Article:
He passed away a few days short of his 90th birthday back in April 1997, the same year that the district’s City Councilman Andy Mirikatani and I introduced a resolution naming the facilities at the park in honor of Duane’s grandfather.
Today, young athletes and Hawaii sports fans enjoy a 30-acre recreational facility that has one baseball field and three softball fields.
Of 1991’s Hurricane Iniki, Hannemann wrote: “I recall visiting Kauai as the state DBEDT director when Gov. John Waihee tasked our department with taking the lead in evacuating the thousands of stranded tourists. …”
Hannemann later refers to recent efforts of the four counties to update their hurricane response plans and procedures: “I am pleased to see these upgrades, as well as the improved working relationship among the Department of Homeland Security, federal government and state and local governments. This was a push that we started back in 2007 during my first term as mayor … We were totally committed to the city’s preparedness efforts, and alerting the general public in a timely manner during emergencies was our utmost concern.”
The photo accompanying the hurricane column features Mel Kaku, who was the director of the city Department of Emergency Management when Hannemann was mayor. Kaku previously worked for Hannemann as director of the city’s Department of Transportation Services.
Hannemann’s radio work became an issue when he ran for Hawaii’s 2nd Congressional District seat in 2012 and two of his opponents raised concerns about the oldies pop-and-rock music program.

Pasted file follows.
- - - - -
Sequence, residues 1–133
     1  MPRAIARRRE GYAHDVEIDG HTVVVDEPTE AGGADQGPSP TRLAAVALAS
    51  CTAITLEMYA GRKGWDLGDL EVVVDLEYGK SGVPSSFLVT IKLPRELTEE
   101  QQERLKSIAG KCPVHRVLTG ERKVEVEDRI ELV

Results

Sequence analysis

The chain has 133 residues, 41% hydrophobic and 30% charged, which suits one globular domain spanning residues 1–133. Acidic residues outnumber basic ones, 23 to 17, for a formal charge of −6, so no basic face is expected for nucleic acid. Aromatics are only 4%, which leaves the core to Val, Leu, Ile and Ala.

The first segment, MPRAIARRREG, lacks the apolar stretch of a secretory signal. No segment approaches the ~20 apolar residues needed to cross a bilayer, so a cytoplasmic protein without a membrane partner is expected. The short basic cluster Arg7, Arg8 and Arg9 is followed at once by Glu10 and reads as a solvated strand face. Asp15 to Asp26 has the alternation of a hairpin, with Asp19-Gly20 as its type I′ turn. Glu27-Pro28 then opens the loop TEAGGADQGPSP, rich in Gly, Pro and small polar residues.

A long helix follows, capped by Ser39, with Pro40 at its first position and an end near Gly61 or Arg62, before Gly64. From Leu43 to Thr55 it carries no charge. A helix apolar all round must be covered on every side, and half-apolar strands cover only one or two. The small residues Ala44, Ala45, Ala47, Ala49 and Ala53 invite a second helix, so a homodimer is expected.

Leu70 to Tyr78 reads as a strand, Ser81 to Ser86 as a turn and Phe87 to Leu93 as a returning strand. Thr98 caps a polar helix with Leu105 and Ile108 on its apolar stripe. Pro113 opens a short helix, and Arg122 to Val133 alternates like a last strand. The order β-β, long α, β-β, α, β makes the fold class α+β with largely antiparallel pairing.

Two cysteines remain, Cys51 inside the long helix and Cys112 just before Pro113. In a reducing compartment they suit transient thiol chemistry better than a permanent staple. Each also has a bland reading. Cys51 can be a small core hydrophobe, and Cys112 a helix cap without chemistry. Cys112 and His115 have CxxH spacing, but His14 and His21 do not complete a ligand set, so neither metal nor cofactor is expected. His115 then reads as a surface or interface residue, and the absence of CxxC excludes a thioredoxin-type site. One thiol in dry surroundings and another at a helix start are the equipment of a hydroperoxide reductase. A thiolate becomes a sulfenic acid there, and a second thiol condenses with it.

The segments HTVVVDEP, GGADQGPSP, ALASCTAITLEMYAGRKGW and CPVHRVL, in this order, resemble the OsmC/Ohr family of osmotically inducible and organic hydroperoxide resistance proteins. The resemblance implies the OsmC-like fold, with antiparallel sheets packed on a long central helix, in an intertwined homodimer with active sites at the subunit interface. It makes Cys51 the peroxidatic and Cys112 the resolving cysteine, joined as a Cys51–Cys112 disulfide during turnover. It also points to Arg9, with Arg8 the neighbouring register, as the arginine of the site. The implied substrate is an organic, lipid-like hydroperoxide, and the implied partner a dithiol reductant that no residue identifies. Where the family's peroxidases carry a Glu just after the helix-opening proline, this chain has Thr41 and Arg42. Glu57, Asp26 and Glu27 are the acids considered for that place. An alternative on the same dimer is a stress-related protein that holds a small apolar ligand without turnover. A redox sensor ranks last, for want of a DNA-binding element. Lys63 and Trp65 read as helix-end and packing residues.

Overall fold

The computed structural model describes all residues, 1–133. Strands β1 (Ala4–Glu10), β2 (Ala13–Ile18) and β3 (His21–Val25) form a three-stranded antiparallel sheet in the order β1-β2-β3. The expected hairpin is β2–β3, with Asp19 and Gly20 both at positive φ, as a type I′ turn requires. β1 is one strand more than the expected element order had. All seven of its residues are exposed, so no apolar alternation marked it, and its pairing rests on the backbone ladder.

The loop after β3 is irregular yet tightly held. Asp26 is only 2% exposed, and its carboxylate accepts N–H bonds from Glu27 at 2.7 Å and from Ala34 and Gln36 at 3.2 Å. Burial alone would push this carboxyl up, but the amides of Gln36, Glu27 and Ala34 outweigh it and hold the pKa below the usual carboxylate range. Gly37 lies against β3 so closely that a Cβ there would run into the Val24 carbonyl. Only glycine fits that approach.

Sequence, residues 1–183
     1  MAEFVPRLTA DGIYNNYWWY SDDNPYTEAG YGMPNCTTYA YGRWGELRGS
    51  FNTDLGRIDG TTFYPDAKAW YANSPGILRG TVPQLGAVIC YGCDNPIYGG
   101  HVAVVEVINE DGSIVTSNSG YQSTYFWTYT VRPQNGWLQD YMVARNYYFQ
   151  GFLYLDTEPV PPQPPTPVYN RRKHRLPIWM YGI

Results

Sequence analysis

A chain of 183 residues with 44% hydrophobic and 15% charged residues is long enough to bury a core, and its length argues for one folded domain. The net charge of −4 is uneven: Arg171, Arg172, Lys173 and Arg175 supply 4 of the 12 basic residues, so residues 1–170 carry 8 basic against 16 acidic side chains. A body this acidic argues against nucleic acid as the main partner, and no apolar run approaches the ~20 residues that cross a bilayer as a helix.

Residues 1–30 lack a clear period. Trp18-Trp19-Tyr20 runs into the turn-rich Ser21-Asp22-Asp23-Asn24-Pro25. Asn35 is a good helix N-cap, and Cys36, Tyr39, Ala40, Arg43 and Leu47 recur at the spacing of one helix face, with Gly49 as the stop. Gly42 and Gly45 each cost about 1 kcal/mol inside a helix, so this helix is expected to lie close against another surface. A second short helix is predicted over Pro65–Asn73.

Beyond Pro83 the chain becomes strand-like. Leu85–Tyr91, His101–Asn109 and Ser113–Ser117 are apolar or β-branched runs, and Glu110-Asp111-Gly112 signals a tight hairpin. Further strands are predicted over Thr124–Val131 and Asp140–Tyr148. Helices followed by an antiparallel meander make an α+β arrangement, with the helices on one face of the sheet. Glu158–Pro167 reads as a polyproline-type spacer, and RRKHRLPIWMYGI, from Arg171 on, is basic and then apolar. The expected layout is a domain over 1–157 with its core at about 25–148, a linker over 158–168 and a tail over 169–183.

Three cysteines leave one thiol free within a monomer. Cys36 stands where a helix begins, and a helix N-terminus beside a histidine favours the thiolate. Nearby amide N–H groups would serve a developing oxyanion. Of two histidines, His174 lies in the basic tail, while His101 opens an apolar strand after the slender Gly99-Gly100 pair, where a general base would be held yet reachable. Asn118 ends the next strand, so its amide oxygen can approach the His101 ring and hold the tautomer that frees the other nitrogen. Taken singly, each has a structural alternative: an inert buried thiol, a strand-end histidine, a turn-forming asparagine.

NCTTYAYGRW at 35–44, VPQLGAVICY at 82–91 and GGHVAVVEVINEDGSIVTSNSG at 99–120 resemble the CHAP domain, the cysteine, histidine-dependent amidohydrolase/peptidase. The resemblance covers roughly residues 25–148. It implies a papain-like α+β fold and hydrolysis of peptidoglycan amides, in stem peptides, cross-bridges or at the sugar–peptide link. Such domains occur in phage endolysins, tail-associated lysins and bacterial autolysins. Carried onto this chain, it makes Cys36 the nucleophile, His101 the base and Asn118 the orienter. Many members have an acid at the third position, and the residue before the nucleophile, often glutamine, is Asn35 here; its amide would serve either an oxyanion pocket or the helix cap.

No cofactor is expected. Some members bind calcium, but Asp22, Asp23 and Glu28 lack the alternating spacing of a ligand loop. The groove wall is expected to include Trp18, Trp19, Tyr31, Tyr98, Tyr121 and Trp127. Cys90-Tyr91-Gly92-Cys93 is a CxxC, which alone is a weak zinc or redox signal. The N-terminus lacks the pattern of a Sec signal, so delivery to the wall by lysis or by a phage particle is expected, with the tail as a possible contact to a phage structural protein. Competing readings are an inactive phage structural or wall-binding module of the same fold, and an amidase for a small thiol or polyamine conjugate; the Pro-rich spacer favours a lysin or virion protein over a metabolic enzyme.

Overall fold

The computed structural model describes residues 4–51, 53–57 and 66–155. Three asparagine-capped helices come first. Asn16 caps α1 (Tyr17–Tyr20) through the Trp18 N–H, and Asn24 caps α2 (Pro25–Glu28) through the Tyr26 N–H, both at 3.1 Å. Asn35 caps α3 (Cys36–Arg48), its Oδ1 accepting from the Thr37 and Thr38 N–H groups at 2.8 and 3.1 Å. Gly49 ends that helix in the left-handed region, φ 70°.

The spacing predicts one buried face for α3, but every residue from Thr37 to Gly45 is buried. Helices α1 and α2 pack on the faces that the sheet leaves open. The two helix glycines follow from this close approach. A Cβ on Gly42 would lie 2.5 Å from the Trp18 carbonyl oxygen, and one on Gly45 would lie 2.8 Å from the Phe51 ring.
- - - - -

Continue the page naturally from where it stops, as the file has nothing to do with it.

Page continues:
Tulsi Gabbard, who eventually won the race, told Civil Beat in October 2011 that it was inappropriate for Hannemann to continue the show after announcing his candidacy.
In June 2012, two months before the Democratic primary, another CD2 opponent, Bob Marx, said he would ask KKOL for equal time.
As it turned out, Hannemann, who told Civil Beat that he paid an undisclosed amount to air his program, canceled his show June 9 of that year, five days after he officially filed to run.
In that regard, he was in compliance with Federal Communications Commission regulations requiring candidates to give up their airtime once they are officially certified — or else their opponents qualify for equal time.
Hannemann’s radio show does not appear to veer into the political. For example, the promo for the June 7 program, as stated on the Vote Mufi Facebook page, was all about “feel good sounds” from Shalamar, Sade, the Chantels, Donovan and Jigsaw.
“Gonna do a shout out to Prince and Tom Jones on their birthdays today and we got 808 artists Iva Kinimaka and the Krush to take you down memory lane,” the promo promised.
That’s a very different use of radio then, say, Jeff Davis, who is seeking the Libertarian Party nomination for Hawaii governor.
Davis, who calls himself “The Solar Guy” because he runs a photovoltaic panel business, has a program, “Hawaii’s Tomorrow,” that runs from 5 to 6 p.m. on KGU 760 AM and is rebroadcast on the weekends.
Davis pays for his show to run, and he not only regularly directs listeners to his campaign website, but for the past few weeks he has been using the program to cast a spotlight on homelessness in Hawaii.
Davis is offering “celebrity sleepovers” to those willing to spend the night with homeless folks in Kakaako. A 5-minute clip on YouTube shows Davis doing his radio show and sharing tents with homeless people, many of them children.
So far, the local media has largely ignored Davis.
But then, he’s not a former mayor of Honolulu who has been in politics since 1986.